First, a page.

Life as an expat can be unbelievably exciting, but doesn’t come without its hardships.
You’ll find yourself constantly flung out of your comfort zone, scrambling to make new friends, settling down in your new home and building yourself a new life, from the ground up.
So, is giving up everything to embark on a new life overseas really worth it?
From experience, I don’t think the answer to the question is that black and white.
Yes, living as an expat can be a wonderful and rewarding adventure. Yet, there are ultimately a lot of sacrifices to be made and sometimes the repercussions of your decisions will follow you all the way home.
This post is by no means suggesting you SHOULDN’T live overseas (perhaps despite its somewhat deceiving title!).
In my opinion, it’s one of the best things you can do in life.
You’ll meet amazing people and have all sorts of experiences you would never have dreamt of having if you’d stayed in your native country. I know I don’t regret doing it for a second.
This is merely a case of peering over the other side of the fence, past the Facebook posts and Instagram filters and appreciating the fact that some things in life aren’t as easy or simple as they appear… although typically, they are ultimately the most rewarding.
So – to expat or not to expat? The decision is yours and yours alone (as is the experience), but here are some points worth considering.
You’ll constantly have to build a new community
How easy was it to make friends when you were younger? Plenty easy, I’m sure is your answer. You could start chatting to people at school, university, an extra curricular activity, or a party, realise you had 10,000 things in common and become firm friends from that moment on.
This suddenly gets twenty million times more difficult when you become a fully-fledged adult. You and everyone else you know are suddenly so busy, rushing around with work, family obligations, gym time as you no longer have the metabolism that you did when you were 22, etc. It can be hard enough to pin down your well-established friends, let alone go through the motions of forming new ones from scratch.
Plus, you then get faced with the question of – wherever do you go to meet people?! Work is always a good place to start, but where on from there? Should you take up a language or sculpting class? Strike up conversations with people at your yoga studio? Go to a bar on a Friday night and try to worm your way into a conversation there? Attend MeetUp events? Give “friendship” apps a whirl?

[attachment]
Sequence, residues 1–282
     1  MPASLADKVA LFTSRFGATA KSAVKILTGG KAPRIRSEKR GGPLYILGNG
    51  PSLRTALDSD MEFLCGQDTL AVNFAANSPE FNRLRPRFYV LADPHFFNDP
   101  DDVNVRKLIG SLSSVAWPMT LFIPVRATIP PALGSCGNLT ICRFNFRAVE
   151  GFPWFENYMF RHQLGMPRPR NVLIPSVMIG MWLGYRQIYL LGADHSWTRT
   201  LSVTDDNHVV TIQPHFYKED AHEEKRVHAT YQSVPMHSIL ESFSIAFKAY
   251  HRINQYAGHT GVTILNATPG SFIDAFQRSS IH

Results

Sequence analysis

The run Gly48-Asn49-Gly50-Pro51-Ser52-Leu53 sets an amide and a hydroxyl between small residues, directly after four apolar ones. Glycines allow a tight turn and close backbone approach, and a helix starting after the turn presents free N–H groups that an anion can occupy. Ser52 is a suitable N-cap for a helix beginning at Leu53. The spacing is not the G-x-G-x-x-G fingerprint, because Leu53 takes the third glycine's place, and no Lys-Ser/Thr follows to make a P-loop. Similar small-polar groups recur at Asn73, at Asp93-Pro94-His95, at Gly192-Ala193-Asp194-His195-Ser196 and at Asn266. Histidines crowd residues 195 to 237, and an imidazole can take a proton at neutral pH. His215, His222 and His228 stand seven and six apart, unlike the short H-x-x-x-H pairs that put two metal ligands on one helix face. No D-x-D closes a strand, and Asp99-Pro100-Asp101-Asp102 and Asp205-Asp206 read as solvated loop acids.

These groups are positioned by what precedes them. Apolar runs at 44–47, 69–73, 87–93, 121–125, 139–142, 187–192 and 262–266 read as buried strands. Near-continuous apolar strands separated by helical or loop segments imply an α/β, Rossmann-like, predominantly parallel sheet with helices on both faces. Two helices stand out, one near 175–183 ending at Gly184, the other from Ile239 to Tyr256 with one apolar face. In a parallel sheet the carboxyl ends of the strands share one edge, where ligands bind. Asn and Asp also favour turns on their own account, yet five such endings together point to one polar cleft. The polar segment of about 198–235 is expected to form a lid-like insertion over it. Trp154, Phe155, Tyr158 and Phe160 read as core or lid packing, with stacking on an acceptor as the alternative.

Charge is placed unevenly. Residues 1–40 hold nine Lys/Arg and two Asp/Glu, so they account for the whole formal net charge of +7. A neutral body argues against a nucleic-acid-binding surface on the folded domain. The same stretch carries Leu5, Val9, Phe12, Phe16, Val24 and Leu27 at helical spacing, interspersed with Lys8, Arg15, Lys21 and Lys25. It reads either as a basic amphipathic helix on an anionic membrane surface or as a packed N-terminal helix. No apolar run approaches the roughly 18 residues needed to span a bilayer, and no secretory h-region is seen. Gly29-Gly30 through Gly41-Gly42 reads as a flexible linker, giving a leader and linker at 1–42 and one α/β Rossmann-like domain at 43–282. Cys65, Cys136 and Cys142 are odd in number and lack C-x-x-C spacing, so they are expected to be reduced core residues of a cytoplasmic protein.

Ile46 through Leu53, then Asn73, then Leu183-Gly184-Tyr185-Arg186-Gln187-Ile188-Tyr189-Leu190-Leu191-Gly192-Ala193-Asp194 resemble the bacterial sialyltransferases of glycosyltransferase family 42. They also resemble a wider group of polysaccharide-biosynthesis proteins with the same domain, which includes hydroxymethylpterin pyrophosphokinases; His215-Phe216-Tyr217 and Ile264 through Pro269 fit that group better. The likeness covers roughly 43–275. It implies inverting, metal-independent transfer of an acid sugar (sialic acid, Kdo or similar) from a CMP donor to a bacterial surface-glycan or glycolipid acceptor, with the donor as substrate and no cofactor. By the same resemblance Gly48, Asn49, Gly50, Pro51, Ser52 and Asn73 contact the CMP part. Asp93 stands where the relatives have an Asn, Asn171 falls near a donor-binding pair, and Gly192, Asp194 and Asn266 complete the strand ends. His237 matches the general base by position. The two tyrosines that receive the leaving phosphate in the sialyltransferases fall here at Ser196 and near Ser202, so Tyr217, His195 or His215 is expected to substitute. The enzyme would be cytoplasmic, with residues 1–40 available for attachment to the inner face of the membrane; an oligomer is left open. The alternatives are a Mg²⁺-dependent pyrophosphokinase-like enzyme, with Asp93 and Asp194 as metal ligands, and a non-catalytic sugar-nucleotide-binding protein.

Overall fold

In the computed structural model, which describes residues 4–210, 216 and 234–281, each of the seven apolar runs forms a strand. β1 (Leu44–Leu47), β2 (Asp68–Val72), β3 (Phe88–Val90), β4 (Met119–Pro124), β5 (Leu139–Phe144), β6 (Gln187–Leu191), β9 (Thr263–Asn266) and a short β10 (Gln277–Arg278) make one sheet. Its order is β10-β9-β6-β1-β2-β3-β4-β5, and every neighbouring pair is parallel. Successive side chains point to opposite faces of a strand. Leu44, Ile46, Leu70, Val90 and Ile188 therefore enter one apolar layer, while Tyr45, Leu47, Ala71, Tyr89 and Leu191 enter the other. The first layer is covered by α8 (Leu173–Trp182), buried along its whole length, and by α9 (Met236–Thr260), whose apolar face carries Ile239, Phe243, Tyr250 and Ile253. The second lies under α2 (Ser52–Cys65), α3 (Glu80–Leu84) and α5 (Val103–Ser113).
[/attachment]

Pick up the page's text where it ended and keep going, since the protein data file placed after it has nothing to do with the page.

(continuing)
It can take a really long time to form a new friendship circle – months, sometimes years in fact. And it will take a lot of effort on your part.
It can be ultimately rewarding – you’ll meet people from all walks of life and make some forever friends in the process. Yet, it’s an exhausting endeavour.
You’re going to be lonely
And ultimately, it takes time to settle in and find a group of friends.
You’ll have many moments of being alone – days and nights. Whole weekends, stretching ahead with no one to share things with.
Thanks to social media, you’ll quite possibly be inundated with photos of your mates back home, having a grand old time without you. You’ll think: “How dare they?! I am the life of the party!” and then feel quite sad.
I mean, there’s not much you can do. This is the path you have chosen and it will take time to adjust.
Relationships become temporary
It takes a big commitment for any relationship – personal or otherwise – to transcend distance. There needs to be a willingness to commit to FaceTime or Skype chats, text every day, write emails or letters, send postcards, all with the acknowledgement that it might be some time before you’re in each other’s company again.
Some friendships or relationships are like a burst of light. They shine brightly but are quick to fade out when the flame that fuels it – that being one on one interaction – is no longer readily at hand.
Thankfully, there are other, rare friendships that are constant and enduring. They’re not location based – you could live in the Arctic wilderness for thirty years and that person would still be your friend when you returned to sunnier shores.
A lesson I learnt early on is not to force friendships to carry on past their expiration date (unfortunately, some do have one). When one door closes, another door opens, as the age old adage goes.
Here are some more thoughts on friendship in the digital age.
People back home move on without you
It’s not just the people you meet abroad who move on when you leave – it’s the people at home too.
I used to get quite annoyed (am trying to be a calmer person these days) when I would read accounts of people coming back home after living overseas or long-term travel, where they would write something along the lines of: “time doesn’t stand still… people will keep living their lives whether or not you’re in it”.
Well, duh, because it’s not like you’re the sun and they’re some poor hapless planet that is forced to revolve around you.
Yet, to be fair, it is a bit tough to come home and see that some former friendship has disintegrated, without the one on one interaction needed to fill it. Absence makes the heart go wander and all.
However, remember this – there’ll presumably always be new people walking in and out of your life, to fill the gaps that others have left behind.
You can’t have pets or house plants
I dunno about you, but I love to fill my abode with living things. Succulents, ferns, cacti – I like my flat to generally represent a jungle. I’ve also always had pets around. If not at home with my mutts, I’ll buy a fish or a hermit crab to keep me company.
This is obviously quite an irresponsible thing to do if you know you’re going to be in a country temporarily. I save pet ownership now for my forever home, wherever and whenever that may be.
And what of those who are already proud pet owners? Some people move overseas, pet in hand and I am in awe of them. Others are left with no choice but to leave their precious Fido or Whiskers at home with family or friends. It’s tough.